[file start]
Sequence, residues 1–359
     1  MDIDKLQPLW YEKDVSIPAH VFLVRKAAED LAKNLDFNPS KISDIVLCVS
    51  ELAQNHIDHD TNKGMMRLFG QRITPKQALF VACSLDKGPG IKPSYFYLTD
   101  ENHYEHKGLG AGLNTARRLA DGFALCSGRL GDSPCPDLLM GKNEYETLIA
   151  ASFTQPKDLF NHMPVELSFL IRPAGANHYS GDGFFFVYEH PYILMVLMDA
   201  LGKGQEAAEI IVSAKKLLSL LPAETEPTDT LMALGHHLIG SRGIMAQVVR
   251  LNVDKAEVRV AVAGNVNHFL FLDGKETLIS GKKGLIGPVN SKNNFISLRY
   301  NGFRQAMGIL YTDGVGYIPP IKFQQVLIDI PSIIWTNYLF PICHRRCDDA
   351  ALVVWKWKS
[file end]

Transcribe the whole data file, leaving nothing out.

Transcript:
Sequence, residues 1–359
     1  MDIDKLQPLW YEKDVSIPAH VFLVRKAAED LAKNLDFNPS KISDIVLCVS
    51  ELAQNHIDHD TNKGMMRLFG QRITPKQALF VACSLDKGPG IKPSYFYLTD
   101  ENHYEHKGLG AGLNTARRLA DGFALCSGRL GDSPCPDLLM GKNEYETLIA
   151  ASFTQPKDLF NHMPVELSFL IRPAGANHYS GDGFFFVYEH PYILMVLMDA
   201  LGKGQEAAEI IVSAKKLLSL LPAETEPTDT LMALGHHLIG SRGIMAQVVR
   251  LNVDKAEVRV AVAGNVNHFL FLDGKETLIS GKKGLIGPVN SKNNFISLRY
   301  NGFRQAMGIL YTDGVGYIPP IKFQQVLIDI PSIIWTNYLF PICHRRCDDA
   351  ALVVWKWKS